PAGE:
Friday, November 28, 2008
This is a front page ad printed in the Hindustan Times Delhi edition yesterday.
I have nothing personally against the BJP. I am sure we could probably expect something similar from the Congress if the BJP were in power. Nonetheless, this ad is troubling. Can they not have waited till the situation normalized in Bombay?
Thursday, November 27, 2008
I do not know whether you have a bigger cause you are fighting for. Maybe you do. I do not want to know about how just your cause is. All I can tell you is that, even if there was a small group of people who wanted a dialogue with you, who wanted to understand your problems and try to solve them in a sane manner, the means you have taken to attain victory has totally derided the little amount of respect that the people affected by these acts of terror may have had for your cause. I do not know whether you achieved what you intended to do with the attack; I believe instead of winning over the people, you have actually made them move even further away from you.
Wednesday, November 12, 2008
Monday, November 10, 2008
One of the first pieces of news about India which I received on reaching Edinburgh was about the communal tensions in the Kandhamal district of Orissa. Similar cases, where churches were burnt and Christians ill-treated, in Mangalore and some other parts of Karnataka followed suit. It is only when these occurred, did I try to find out about the magnitude of the problem we are dealing with. I have enlisted here some of the observations I made through articles/ web pages I read and discussions I had on the issue.
There is no doubt that the atrocities that have been committed on the Christian converts in these places in the last month or so can not be justified. Indians have the best example of non-violence being used as a mode of struggle, which proved to be more of a success than other violent means people have adopted since then. Why forget what history has taught us?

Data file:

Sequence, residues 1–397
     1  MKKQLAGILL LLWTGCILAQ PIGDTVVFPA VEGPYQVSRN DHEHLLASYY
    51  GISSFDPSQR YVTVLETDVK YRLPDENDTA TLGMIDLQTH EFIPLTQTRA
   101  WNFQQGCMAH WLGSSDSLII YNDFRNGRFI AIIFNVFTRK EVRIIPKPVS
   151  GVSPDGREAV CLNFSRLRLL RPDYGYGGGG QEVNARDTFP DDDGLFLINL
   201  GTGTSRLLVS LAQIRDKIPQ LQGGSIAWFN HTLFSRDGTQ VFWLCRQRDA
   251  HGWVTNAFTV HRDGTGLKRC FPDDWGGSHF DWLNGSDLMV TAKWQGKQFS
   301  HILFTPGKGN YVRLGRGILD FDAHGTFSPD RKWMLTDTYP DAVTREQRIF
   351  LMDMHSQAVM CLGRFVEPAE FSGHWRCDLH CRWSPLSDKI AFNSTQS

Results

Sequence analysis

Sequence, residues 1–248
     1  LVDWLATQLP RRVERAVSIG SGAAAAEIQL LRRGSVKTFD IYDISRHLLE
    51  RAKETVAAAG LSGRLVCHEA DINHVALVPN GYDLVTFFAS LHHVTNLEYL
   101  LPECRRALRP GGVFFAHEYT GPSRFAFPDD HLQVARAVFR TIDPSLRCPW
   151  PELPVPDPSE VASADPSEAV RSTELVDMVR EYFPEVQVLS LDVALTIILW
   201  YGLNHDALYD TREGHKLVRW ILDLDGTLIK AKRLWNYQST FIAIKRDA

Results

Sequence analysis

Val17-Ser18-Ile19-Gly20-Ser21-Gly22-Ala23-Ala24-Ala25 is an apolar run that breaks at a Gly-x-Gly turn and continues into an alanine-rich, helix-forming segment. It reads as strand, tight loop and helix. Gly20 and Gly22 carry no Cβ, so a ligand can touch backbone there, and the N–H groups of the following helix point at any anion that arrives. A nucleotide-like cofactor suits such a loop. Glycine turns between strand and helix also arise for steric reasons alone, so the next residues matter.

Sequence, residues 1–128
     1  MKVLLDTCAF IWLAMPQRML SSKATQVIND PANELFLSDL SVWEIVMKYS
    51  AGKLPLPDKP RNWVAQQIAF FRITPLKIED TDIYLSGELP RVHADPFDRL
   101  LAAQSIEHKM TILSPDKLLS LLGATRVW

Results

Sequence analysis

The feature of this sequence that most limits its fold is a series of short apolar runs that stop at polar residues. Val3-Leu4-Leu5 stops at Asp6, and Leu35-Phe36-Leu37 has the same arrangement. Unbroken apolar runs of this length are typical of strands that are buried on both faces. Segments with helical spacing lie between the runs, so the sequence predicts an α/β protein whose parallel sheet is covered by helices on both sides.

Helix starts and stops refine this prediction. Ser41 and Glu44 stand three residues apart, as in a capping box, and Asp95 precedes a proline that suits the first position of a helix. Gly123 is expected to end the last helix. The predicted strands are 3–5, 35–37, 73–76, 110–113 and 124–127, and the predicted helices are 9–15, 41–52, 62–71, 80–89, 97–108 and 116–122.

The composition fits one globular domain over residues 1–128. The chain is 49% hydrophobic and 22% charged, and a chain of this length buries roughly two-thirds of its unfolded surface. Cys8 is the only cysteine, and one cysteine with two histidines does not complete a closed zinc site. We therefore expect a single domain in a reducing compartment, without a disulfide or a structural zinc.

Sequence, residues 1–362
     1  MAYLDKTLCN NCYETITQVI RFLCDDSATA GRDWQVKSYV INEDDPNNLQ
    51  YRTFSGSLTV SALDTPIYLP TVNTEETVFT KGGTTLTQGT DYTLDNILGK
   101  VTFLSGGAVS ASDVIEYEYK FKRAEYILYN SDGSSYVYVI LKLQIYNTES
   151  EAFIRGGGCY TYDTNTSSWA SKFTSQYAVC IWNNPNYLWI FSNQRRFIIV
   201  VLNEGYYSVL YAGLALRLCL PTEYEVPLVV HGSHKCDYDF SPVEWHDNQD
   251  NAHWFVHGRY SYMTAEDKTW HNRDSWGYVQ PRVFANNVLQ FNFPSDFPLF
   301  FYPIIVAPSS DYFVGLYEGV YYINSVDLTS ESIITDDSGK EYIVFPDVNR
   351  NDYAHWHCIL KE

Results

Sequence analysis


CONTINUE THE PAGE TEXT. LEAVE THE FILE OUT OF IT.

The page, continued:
What can cause a person to change their inclination (be it political or religious in this case)? Isn't it dissatisfaction? If the converts before they turn to Christianity were fully content with the kind of lives they were leading, would they ever convert for material benefits? I do not think so. So what is it that is not working right? These tribes surely would be having desires. They would love to have health care, would love to have their children educated, which promises jobs for them when they grow older. Why isn't the government trying to provide these tribes with what they need, so that they remain rooted in their rich tradition. One would also need to figure out whether these tribes would keep up with their tradition once economically developed (as Christians or Hindus)?
I know I have not provided any one who has read this write up with answers. In fact there are more questions to which solutions need to be found. I hope I have helped you to see the problem at hand in a different light. I would like to thank my friends Srinivasan C J and Udit Kumar who helped me gain a different perspective on the issue.
Saturday, November 08, 2008
I have my eyes closed,
and I see you in tears.
You have wrinkled up your face
in sadness or fear.
I hear the room's silence interspersed
by your repressed whimper.
I move my fingers to your face,
taking them softly from your temples,
caressing your cheek,
till they reach your chin;
undoing at every instant
the wrinkles that blemish your face.
You begin to feel at ease,
resting your head on my shoulder.
I keep stroking your hair,
till you fall into a peaceful slumber.